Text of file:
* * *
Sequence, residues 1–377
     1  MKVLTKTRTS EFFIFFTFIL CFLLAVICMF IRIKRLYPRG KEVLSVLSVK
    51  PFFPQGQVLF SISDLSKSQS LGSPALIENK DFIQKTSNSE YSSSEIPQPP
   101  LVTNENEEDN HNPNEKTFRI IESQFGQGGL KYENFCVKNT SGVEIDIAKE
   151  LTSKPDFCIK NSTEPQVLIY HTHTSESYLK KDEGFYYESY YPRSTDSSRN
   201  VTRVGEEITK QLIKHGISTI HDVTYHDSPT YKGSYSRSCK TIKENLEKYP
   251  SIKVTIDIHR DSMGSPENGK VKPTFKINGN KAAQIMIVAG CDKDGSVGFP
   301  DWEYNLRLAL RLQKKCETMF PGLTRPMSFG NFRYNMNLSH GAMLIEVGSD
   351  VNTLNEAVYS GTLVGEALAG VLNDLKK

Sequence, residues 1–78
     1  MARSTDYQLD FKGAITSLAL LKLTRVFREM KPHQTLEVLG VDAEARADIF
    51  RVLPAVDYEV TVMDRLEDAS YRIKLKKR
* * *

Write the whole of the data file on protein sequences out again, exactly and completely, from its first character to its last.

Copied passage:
Sequence, residues 1–377
     1  MKVLTKTRTS EFFIFFTFIL CFLLAVICMF IRIKRLYPRG KEVLSVLSVK
    51  PFFPQGQVLF SISDLSKSQS LGSPALIENK DFIQKTSNSE YSSSEIPQPP
   101  LVTNENEEDN HNPNEKTFRI IESQFGQGGL KYENFCVKNT SGVEIDIAKE
   151  LTSKPDFCIK NSTEPQVLIY HTHTSESYLK KDEGFYYESY YPRSTDSSRN
   201  VTRVGEEITK QLIKHGISTI HDVTYHDSPT YKGSYSRSCK TIKENLEKYP
   251  SIKVTIDIHR DSMGSPENGK VKPTFKINGN KAAQIMIVAG CDKDGSVGFP
   301  DWEYNLRLAL RLQKKCETMF PGLTRPMSFG NFRYNMNLSH GAMLIEVGSD
   351  VNTLNEAVYS GTLVGEALAG VLNDLKK

Sequence, residues 1–78
     1  MARSTDYQLD FKGAITSLAL LKLTRVFREM KPHQTLEVLG VDAEARADIF
    51  RVLPAVDYEV TVMDRLEDAS YRIKLKKR